RAZOR & HUSTLELINE ENT SHOW STOLI HOW THEY HUSTLE IN MIA

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These days it seems that a new emcee appears on the scene via Myspace or Facebook everyday. But of these Internet emcees only a few really have what it takes to hustle themselves and their craft to the top. My next guest is an emcee, a CEO, and an all around hustler. Coming out of Miami is my next guest, Razor. I caught wind of him from his new single & video, “Holla.” Once I finally got a hold of him I was even more impressed to learn how much more he’s got going on. Join Stoli as we talk with Razor about his company HustleLine Ent, his non-stop grind, other succesful Miami emcees, and so much more!

Stoli: How did you get the alias Razor and are you born and raised in Miami?

Razor: As I found myself as an artist the raspy sound you hear today developed into my comfort zone when expressing myself on the mic and before I knew how to control well, it was a very sharp sound hence the name Razor!   Yeah, I’m from Miami-Dade County born and raised, lakeside to be exact!

Stoli: Your new video “Rock Music” is hot, Have you caught any slack for the lyrical content of that track?

Razor: Actually…I have received many notes, messages, and emails asking how real are the props in the “Rock Music” video and I’ll say this…Razor never, and I’ll repeat NEVER lies to the people!

Razor “Rock Music”:

[youtube 9EBZ-irY5nA nolink]

Stoli: At what age and experience convinced you that you wantedc to pursue a career in music & hip hop in general?

Razor: I started out producing when I was about 9 yrs old, I got in my first professional studio at 12 yrs of age and I’ve been at it ever since.   As far as why I got into this business…I knew I was made for this early in life that’s why I go so hard at it ask my label mates, it’s as if I’m pass just hearing sounds my inspiration comes in several ways, most times I see sounds, I can create music without hearing it!!!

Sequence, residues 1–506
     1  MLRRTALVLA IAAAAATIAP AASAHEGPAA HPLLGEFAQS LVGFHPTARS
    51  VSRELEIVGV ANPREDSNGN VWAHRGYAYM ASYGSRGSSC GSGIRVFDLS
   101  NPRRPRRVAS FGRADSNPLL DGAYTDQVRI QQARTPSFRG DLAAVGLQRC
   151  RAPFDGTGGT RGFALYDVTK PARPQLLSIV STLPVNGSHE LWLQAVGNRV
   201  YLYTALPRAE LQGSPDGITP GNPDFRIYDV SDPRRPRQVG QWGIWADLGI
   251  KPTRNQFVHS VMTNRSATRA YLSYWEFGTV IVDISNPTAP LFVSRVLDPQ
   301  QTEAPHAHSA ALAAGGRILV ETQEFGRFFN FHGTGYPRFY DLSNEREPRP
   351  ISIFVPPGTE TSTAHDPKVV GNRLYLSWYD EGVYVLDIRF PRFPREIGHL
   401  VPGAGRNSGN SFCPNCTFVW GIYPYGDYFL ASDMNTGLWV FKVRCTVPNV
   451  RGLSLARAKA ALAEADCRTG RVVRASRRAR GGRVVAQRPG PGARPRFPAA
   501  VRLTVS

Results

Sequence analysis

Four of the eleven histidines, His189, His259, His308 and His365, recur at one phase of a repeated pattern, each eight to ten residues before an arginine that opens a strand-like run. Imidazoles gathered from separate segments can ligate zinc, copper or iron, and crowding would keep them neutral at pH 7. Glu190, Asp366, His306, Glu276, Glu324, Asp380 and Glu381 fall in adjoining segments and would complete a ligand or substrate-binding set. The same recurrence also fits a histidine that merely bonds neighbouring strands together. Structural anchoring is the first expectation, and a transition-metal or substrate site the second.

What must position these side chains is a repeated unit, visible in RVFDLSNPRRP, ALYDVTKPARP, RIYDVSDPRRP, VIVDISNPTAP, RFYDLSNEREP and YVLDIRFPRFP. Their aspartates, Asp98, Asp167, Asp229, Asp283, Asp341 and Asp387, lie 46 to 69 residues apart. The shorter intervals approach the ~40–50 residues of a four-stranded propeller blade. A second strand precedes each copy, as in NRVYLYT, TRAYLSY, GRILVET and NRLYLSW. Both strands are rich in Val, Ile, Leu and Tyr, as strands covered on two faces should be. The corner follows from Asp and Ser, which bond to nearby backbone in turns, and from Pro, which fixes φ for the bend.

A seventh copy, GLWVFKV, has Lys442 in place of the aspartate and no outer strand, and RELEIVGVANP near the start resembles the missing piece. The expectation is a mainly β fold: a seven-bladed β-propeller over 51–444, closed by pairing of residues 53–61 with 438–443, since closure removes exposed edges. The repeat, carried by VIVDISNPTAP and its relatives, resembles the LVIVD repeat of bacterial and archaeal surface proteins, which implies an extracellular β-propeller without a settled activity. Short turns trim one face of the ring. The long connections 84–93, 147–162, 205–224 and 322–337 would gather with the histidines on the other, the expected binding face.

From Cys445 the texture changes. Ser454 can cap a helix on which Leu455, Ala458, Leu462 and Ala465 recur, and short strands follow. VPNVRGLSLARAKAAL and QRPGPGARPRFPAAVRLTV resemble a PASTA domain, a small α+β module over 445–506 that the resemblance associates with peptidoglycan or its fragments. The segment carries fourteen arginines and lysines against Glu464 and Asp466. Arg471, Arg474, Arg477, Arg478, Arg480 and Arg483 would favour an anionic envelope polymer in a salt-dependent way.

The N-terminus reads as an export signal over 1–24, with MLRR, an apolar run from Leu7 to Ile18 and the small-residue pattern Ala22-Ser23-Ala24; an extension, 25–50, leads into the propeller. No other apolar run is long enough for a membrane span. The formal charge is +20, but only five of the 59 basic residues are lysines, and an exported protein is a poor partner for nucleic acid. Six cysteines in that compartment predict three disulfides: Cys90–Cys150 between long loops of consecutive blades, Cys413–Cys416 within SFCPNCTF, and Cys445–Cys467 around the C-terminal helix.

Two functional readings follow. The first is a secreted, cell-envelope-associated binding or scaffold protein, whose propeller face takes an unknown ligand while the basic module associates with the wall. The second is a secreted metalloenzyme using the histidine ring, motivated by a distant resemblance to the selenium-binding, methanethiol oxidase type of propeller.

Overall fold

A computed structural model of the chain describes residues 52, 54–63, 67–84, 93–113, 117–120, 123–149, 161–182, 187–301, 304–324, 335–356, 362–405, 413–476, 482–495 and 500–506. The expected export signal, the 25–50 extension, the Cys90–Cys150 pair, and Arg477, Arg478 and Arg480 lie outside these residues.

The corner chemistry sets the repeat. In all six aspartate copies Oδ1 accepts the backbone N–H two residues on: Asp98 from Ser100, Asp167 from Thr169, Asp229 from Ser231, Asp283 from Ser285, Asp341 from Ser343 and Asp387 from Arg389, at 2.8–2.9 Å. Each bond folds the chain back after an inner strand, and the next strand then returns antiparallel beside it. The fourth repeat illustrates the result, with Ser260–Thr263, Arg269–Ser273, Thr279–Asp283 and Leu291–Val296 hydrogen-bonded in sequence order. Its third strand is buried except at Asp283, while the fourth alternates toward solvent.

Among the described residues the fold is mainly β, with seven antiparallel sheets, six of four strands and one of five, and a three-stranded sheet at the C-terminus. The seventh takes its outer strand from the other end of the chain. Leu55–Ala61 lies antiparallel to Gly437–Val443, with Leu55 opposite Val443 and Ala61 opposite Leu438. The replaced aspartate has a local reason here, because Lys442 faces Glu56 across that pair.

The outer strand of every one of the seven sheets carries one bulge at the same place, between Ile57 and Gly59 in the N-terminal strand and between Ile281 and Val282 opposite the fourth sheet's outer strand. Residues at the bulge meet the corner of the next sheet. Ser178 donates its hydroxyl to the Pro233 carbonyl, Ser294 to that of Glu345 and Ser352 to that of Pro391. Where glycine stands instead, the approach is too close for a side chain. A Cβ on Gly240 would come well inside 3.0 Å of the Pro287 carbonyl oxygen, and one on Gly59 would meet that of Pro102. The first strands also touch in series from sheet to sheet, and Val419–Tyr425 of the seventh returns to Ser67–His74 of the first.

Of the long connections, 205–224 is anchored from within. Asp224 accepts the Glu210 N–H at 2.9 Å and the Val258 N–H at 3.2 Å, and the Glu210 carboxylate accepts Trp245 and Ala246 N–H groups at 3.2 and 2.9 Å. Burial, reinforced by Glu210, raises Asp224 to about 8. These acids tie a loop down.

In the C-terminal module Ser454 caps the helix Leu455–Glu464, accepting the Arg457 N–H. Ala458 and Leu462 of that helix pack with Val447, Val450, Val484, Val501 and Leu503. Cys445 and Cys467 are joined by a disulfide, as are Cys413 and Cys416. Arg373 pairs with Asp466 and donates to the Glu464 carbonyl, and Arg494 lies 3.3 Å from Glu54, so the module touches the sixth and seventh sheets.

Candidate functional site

Stoli: Besides being an artist you also run HustleLine Entertainment. How hard is it to juggle both roles and what does your company do?

Razopr: It’s a very difficult situation for me, but I handle them the best I can.   HustleLine is a label whose motto is “The label for the artist, by the artist.” and we operate as a family and a team throughtout every stage of our careers.   We record, promote, engineer, and generally support one another.

Stoli: You have a solid roster of talent. How do you do decide who you want to sign and are you currently looking for new artists to sign?

Razor: I decide who I’m gonna sign based on the artists vibe…although talent is very important I mostly believe in surrounding myself with selfless, unbiased, and fair people that don’t have a problem supporting the team with whatever resources they have available.   And currrently I’d like to sign one or two R&B acts, but I have enough to do so I’m in no hurry…LOL!

Razor “Holla”:

MP3:

SKOPE IT HERE!

[youtube 9cCfVJathbs nolink]  
Stoli: How has the success of such artists from Miami like Rick Ross, DJ Khaled, Pitbull, etc helped Miami hip hip as a whole?

Razor: Their success is a necessary piece of every underground and up & coming artists puzzle today, whether they like it or not because we live in the Carbon-copy age…and although I despise the fact that labels have this arbitrary formula for what an artist should and shouldn’t be, look like, and so forth without the likes of Rick Ross, Trick Daddy, Pit Bull, DJ Khaled and countless others, artist like me wouldn’t get a shot.

Stoli: Your connections got you working with artists like Young Jeezy, DJ Vlad, and Akon. How does that help benefit you & yoir team nad what can you learn from them?

Razor: I’ve learned that this is a business and not to wear my feelings on my sleeve, features are an issue of advertisement and nothing more.   Having these guys on my mix-tape is advertisement…they are meant to attract new potential fans and listeners.